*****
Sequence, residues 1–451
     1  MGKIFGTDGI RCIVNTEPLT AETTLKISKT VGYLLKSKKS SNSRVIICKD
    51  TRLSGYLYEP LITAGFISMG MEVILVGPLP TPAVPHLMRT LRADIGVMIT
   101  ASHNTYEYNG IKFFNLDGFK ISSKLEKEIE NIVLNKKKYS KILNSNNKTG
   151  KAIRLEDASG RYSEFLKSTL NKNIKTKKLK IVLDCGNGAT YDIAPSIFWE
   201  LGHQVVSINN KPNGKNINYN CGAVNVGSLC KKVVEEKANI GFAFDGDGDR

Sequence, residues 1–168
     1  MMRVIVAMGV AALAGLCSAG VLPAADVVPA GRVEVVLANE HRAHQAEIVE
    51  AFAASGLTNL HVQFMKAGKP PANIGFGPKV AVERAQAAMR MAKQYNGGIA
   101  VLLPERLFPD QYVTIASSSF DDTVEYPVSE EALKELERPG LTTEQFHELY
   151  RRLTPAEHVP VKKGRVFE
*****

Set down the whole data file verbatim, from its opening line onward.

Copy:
Sequence, residues 1–451
     1  MGKIFGTDGI RCIVNTEPLT AETTLKISKT VGYLLKSKKS SNSRVIICKD
    51  TRLSGYLYEP LITAGFISMG MEVILVGPLP TPAVPHLMRT LRADIGVMIT
   101  ASHNTYEYNG IKFFNLDGFK ISSKLEKEIE NIVLNKKKYS KILNSNNKTG
   151  KAIRLEDASG RYSEFLKSTL NKNIKTKKLK IVLDCGNGAT YDIAPSIFWE
   201  LGHQVVSINN KPNGKNINYN CGAVNVGSLC KKVVEEKANI GFAFDGDGDR

Sequence, residues 1–168
     1  MMRVIVAMGV AALAGLCSAG VLPAADVVPA GRVEVVLANE HRAHQAEIVE
    51  AFAASGLTNL HVQFMKAGKP PANIGFGPKV AVERAQAAMR MAKQYNGGIA
   101  VLLPERLFPD QYVTIASSSF DDTVEYPVSE EALKELERPG LTTEQFHELY
   151  RRLTPAEHVP VKKGRVFE